1. notleia says:

    Singular “they” has existed since Jane Austen and/or Shakespeare. The only reason it isn’t considered grammatically correct is because back in Ye Olde Day they mushed grammatical rules for Latin onto English to make it seem more legit. That’s also why you supposedly can’t begin a sentence with a preposition (but we do all the time).
    Singular “they” is the simplest and also already integrated into the common lexicon. I think it wins by default.

    • The notion of not starting a sentence with a conjunction is not a grammar rule. It’s something fourth grade teachers introduce to help students avoid fragments in place of sentences.

      Whenever grammarians got a hold of English, they determined that agreement in number was the governing factor. If we want to change it today, we can. There’s nothing sacred about grammar.


  2. Kristin Janz says:

    According to the Wikipedia article on “singular they”, it’s been used since the 14th century, and there are no recorded complaints about it being ungrammatical before the 18th century.

    If anyone has a copy of the King James Bible, I encourage them to look up Philippians 2:3!

  3. Fun article, Shannon. Beyond interesting to entertaining!


  4. My brother, who does a lot of academic writing, alternates pronouns between “he” and “she” when referring to hypothetical people. It works quite well, but I personally find “they” and “their” to be less distracting overall.

  5. I’m in favor of using “they” if we’ve got to replace the non-specific ‘he’. But if we don’t…

  6. Kathy Eavenson says:

    What frustrates me? When an author used the ‘singular they’ in a sentence or paragraph where a female is talking/thinking/being discussed or referred to. [oops! Grammatical error: do not end a sentence with a preposition. What, are you German or something?? .?] I have more comments in many of my Kindle books because of that kind of thing!! Gotta take out my frustrations somewhere.

  7. Autumn Grayson says:

    I approach this differently depending on what I am writing. I try not to use singular ‘they’ because there are times when it just sounds weird, like I’m suddenly jumping from singular to plural wording in the same sentence. I hate specifying ‘he or she’ every time because it is extra typing and sounds clunky, and I really don’t feel like people should be growling at me if I decide to only use one pronoun in a sentence. In instances where I am, say, writing an essay and making a lot of general, theoretical examples, I may alternate between pronouns. In one example, for instance, I might use singular female pronouns, then in the next example I might use singular male ones.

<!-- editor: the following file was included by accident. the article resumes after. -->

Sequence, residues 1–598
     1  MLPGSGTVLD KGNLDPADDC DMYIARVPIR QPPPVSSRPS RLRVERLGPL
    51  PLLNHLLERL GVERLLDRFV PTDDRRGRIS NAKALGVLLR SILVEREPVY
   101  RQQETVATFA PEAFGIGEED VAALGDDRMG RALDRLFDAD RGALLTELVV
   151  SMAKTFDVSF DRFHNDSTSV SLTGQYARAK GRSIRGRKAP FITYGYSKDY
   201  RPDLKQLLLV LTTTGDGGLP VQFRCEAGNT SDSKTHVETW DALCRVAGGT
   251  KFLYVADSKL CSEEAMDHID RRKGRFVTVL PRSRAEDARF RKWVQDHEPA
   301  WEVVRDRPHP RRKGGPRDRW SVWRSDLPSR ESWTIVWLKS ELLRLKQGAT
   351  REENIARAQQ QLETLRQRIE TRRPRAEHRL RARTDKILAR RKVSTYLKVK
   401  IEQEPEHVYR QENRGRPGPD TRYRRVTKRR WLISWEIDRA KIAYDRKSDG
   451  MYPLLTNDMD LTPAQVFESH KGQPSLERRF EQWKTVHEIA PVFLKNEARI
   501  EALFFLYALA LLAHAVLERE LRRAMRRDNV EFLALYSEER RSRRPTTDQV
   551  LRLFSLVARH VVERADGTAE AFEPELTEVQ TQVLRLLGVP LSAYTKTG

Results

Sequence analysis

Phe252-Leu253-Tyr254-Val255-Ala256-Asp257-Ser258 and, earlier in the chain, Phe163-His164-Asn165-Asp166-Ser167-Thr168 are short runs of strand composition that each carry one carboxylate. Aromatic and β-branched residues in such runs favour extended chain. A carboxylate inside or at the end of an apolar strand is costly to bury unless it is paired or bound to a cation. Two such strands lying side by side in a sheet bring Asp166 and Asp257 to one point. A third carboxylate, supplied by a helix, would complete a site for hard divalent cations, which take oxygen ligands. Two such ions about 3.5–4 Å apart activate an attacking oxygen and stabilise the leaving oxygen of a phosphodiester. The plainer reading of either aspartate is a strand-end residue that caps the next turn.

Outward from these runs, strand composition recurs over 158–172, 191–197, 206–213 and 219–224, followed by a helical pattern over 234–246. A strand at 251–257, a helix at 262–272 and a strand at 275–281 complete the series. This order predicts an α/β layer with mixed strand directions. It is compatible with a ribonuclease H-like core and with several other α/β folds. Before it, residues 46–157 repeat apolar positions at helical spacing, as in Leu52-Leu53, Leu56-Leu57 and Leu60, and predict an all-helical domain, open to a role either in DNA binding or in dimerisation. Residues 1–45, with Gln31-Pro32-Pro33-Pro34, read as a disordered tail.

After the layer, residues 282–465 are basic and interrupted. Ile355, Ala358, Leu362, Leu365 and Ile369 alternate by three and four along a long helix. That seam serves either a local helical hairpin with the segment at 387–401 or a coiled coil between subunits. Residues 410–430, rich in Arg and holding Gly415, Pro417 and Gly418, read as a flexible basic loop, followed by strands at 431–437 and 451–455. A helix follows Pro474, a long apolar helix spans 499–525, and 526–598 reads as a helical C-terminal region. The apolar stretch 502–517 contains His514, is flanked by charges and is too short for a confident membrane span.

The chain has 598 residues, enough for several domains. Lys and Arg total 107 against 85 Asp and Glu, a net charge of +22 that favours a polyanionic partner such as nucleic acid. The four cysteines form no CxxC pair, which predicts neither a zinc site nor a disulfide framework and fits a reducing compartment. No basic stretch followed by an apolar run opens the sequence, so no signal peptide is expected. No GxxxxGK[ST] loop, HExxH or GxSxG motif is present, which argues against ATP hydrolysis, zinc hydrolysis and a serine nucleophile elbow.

Usually, though, I dodge the issue altogether by making my words general and plural. So instead of saying something like ‘When a person writes, it is best that he…’ I will instead say something like ‘When people write, it is best that they…’ This keeps the political correctness out, while being inclusive and in many cases more concise. I find that consistently making most of my writing plural like this makes it easier to keep grammar consistent and correct without offending anyone.

    When it comes down to pronouns and characters, I write them based off culture, upbringing, personality, etc. I have some characters of species that naturally have no sex and gender at all, and many of them really don’t care what pronouns others assign to them because they don’t live in a society that ever argued about pronouns. A few of them will care, but usually only because they got used to the pronoun their close friends always called them, or if they can tell someone is trying to annoy them somehow.

    How such characters think of themselves would also depend on their personality and life experiences, so I try to write that realistically, instead of PCish or only based off a single social convention in that world. I have some genderless chars that grew up being called ‘he’ for as long as they remember, so even though they don’t truly see themselves as either gender, genderless chars in that situation would probably say ‘he’ if asked what pronoun they prefer, yet they probably wouldn’t get angry at being called a she, either.

    In general, if people want to experiment with different types of pronouns or use ‘they’ instead, I generally don’t care as long as they don’t try to force/manipulate/get angry at people for not knowing/using those conventions all the time.

What do you think?